Downloads Movie South Park: Bigger Longer & Uncut Watch Online

South Park: Bigger Longer & Uncut Movie Poster

Year: 1999
Director: Trey Parker

South Park: Bigger Longer & Uncut Download

Cast:

Trey Parker (Stan Marsh / Eric Cartman / Satan / Mr. Herbert Garrison / Phillip Niles Argyle / Randy Marsh / Tom - News Reporter / Midget In A Bikini / Canadian Ambassador / Bombardiers / Mr. Mackey / Army General / Ned Gerblanski / Additional Voices), Matt Stone (Kyle Broflovski / Kenny McCormick / Saddam Hussein / Terrance Henry Stoot / Ticket Taker / Jimbo Kearn / Gerald Broflovski / Bill Gates / Additional Voices), Mary Kay Bergman (Liane Cartman / Sheila Broflovski / Sharon Marsh / Wendy Testeberger / Clitoris / Additional Voices), Isaac Hayes (Chef), Jesse Howell (Ike Broflovski), Anthony Cross-Thomas (Ike Broflovski), Franchesca Clifford (Ike Broflovski (as Francesca Clifford)), Bruce Howell (Man In Theatre), Deb Adair (Woman In Theatre), Jennifer Howell (Bebe Stevens), George Clooney (Dr. Gouache), Brent Spiner (Conan O'Brien), Minnie Driver (Brooke Shields), Dave Foley (The Baldwin Brothers), Eric Idle (Dr. Vosknocker), Nick Rhodes (Canadian Fighter Pilot), Toddy Walters (Winona Ryder (as Toddy E. Walters)), Stewart Copeland (American Soldier #1), Stanley G. Sawicki (American Soldier #2), Mike Judge (Kenny's Goodbye)

Storyline:

South Park is a peaceful and quiet town until the Terrence and Phillip movie "Asses Of Fire" hits the theaters. Once that happens, all friggin' hell breaks loose. After all the kids see the movie, they begin using all the foul and naughty language used in the movie. When the parents discover this, they demand war against Canada. The parents plan to execute Terrence and Phillip. After Kenny gets sent to hell (all thanks to Cartman), he overhears Satan and Saddam Hussien plan to rise to Earth to rule for 2,000,000 years of torture once Terrence and Phillip's blood touches US soil. Will Cartman's filthy fucking mouth and V-Chip save the day?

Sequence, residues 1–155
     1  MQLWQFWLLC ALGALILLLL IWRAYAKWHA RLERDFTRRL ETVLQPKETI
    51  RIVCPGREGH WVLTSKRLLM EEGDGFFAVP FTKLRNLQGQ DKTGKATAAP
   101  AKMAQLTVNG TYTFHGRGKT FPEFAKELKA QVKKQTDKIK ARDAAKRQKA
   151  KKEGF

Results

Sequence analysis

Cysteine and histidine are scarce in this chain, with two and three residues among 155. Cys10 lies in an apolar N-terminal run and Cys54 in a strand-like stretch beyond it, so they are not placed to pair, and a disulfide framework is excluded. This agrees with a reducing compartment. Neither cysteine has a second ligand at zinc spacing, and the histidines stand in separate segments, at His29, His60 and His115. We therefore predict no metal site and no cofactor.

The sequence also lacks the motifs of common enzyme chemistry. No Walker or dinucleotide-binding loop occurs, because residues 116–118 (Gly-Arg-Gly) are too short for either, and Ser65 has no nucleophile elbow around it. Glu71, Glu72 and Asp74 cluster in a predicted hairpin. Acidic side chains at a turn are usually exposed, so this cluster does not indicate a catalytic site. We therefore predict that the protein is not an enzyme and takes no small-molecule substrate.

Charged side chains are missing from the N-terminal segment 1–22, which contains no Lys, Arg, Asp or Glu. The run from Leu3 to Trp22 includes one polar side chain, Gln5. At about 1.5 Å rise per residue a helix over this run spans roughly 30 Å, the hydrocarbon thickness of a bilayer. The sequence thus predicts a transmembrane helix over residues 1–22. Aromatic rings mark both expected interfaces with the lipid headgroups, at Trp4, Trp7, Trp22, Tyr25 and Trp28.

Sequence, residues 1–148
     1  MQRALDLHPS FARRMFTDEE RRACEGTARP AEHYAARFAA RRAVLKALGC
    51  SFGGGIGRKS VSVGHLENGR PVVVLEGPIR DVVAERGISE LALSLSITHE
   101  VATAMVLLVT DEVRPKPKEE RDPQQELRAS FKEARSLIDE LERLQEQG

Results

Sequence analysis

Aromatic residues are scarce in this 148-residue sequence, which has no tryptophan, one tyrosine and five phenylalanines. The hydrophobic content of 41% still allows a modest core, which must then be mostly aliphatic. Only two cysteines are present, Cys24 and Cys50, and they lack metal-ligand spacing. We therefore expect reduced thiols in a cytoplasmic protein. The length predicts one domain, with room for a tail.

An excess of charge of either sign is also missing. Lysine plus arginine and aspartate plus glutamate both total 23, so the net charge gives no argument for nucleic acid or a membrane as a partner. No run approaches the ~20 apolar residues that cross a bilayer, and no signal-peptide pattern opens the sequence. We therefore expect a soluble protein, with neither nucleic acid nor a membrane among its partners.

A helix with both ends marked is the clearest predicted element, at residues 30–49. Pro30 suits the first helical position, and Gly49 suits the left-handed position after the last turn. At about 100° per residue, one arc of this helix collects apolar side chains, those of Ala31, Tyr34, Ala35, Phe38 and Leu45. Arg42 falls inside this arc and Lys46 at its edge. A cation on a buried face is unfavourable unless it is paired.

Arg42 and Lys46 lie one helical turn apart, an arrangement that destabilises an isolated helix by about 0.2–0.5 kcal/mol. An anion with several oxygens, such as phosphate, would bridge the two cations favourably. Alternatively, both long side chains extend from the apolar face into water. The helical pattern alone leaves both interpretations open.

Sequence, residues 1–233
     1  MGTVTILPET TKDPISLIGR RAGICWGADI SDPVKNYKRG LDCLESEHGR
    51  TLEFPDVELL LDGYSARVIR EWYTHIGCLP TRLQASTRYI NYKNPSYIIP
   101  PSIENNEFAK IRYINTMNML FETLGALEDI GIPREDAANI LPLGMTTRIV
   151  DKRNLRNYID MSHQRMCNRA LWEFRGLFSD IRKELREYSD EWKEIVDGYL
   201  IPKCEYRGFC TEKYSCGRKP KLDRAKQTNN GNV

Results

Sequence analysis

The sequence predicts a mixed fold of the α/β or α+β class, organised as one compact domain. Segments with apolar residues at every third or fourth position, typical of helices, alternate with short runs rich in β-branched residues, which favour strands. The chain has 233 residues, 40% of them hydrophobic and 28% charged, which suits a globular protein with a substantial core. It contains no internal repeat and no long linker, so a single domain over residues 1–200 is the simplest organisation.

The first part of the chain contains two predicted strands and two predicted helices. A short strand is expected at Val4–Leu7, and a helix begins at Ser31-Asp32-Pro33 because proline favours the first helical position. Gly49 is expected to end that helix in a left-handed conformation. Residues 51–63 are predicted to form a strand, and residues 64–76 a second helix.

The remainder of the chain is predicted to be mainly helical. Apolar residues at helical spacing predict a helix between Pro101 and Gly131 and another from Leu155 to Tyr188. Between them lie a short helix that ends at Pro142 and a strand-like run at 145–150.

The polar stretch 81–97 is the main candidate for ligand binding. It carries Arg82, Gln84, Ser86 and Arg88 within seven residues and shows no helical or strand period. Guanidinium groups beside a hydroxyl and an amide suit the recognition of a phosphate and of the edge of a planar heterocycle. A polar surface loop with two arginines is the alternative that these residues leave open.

Reviews:

When you have the reputation that Parker and Stone do, it is hard to get rid of the sterotypes that have been drawn around you. You are forever stuck in the mold that has been bestowed upon you. But perhaps sometimes when stigmas of that nature are forever embedded with your name and reputation, it actually gives them more leeway to make a statement that is political in nature. As long as they disguise that statement(s) with all that made them popular in the first place, they can get away with it. So now, if I said that beyond the non-stop vulgarity and infinite humour that this film contains, is a film that has an important message camouflaged in animation, would you believe me? Would you care?

First off, this is the most profanity laced film I have ever seen in my life, and that includes early Eddie Murphy efforts. But the profanity in this film had me in stitches. Honestly, that was almost not just a figure of speech either. I laughed so hard that I almost banged my head on the on the person in front of me. Remember how absorbed you were at the horror of war at the beginning of Private Ryan? Well if you had to parallel the two and replace horror with humour, that is a safe comparison. This film is so ******* funny and I really enjoyed it on that level. I can honestly say that I haven't laughed so hard since Office Space. The profanity goes a bit overboard at times but I think that was on purpose. Some of the humour is a bit gross ( seeing Sadam's rubber propalactic was funny but a little sick at the same time ) but I think these guys wanted to see how far they could go. And they went very far and they dared the MPAA to censor them even more, and hey, I was very entertained.

But on the political side, there are a lot of dicey issues that are covered here. Censorship for one. It's funny because we as Canadians and Americans have some of the same ideologies and one of them is free speech. But if that is what we want, then we have to be willing to go all the way. You can't pick and choose what is more free and more appropriate than something else just because it is not politically correct. Free speech means free speech. Free to express your thoughts in an open forum. This film tells us that free speech is free as long as you don't offend the masses. It also says that in MPAA's world it is okay to see blood and guts and intestines and brain tissue ( many of those films get an AA rating ) but profanity dictates that an R or an X is required to see the film. That really is silly.

The film also touches on racism in the armed forces and it shows how brain washed Americans get when there is a conflict with an opposing nation. It doesn't matter that perhaps some of the issues at hand are clouded and misunderstood, many people stand behind their government to the very end. Kill em' all in the name of the Constitution. There are also some stabs at religion and being gay and a plethora of other issues. A particular scene with Bill Gates is funny.